By Rubez Chong
December 2018 saw the passing of the First Step Act, a bipartisan-supported criminal justice reform bill. Some of its provisions included: easing up mandatory minimum sentences, relaxing the “three strikes” rule to 25 years instead of life imprisonment, enabling inmates to earn “good time credits” and “earned time credits” that can be counted towards early release or transition to halfway houses/home confinement. Though it represents a hopeful shift in criminal justice reform in the US, its impacts on the machinery of mass incarceration are limited in scope, or in the words of journalist German Lopez, it is “one first step for Congress, one tiny step for criminal justice reform.”
The U.S. criminal justice system controls 7 million people; 2.1 million behind bars at any given time, 3.7 million on probation, with another 840,000 on parole. The passing of the bill is projected to lead to the early release of thousands of federal inmates. While not insignificant, the bill only pertains to those on the federal system, which accounts for a fraction of the total number of people held behind bars — the federal system holds 181,000 of the 2.1 million people locked up in federal and state prisons and local jails. Despite the limitations of the bill, it has nonetheless reopened the conversation on criminal justice reform at the federal level; though much more work still needs to be done at the state and local levels.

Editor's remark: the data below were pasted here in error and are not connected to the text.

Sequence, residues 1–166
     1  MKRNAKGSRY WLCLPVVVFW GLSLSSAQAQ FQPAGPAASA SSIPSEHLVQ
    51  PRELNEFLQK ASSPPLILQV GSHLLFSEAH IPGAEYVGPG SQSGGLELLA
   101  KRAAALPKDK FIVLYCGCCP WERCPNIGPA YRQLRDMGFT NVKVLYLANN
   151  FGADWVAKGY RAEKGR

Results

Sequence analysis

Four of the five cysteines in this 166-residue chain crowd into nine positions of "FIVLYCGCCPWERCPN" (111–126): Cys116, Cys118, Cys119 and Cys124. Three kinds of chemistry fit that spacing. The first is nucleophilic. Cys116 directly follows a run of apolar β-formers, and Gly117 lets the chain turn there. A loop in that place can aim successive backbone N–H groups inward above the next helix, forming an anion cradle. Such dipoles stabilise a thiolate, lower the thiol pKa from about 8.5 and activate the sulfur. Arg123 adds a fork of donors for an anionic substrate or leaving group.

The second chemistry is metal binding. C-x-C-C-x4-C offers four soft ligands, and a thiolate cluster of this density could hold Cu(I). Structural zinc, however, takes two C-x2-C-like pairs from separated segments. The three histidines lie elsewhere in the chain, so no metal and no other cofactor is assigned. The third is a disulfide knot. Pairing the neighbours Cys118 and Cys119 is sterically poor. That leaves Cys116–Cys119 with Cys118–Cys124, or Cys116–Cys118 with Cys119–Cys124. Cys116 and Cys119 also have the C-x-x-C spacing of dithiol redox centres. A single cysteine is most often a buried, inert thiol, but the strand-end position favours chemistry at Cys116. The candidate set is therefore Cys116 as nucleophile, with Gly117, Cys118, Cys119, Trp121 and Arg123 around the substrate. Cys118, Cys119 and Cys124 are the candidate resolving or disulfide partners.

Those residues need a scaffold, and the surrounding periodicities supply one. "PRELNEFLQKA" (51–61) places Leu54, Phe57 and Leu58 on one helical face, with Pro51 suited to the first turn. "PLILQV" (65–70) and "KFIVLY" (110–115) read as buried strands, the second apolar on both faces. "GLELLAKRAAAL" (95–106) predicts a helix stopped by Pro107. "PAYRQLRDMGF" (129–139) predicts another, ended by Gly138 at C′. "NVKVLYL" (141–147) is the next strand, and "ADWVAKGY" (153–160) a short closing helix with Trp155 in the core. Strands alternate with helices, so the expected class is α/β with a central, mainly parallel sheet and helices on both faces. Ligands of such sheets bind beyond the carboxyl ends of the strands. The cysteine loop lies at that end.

In this post, I detail the work that we are doing at the MIT Media Lab, Center for Civic Media in addressing prison reform at the state and local levels in Massachusetts. We are particularly concerned with the reentry experience of returning citizens. Our work, thus, aims to design and build the support structure required for successful societal and communal reentry.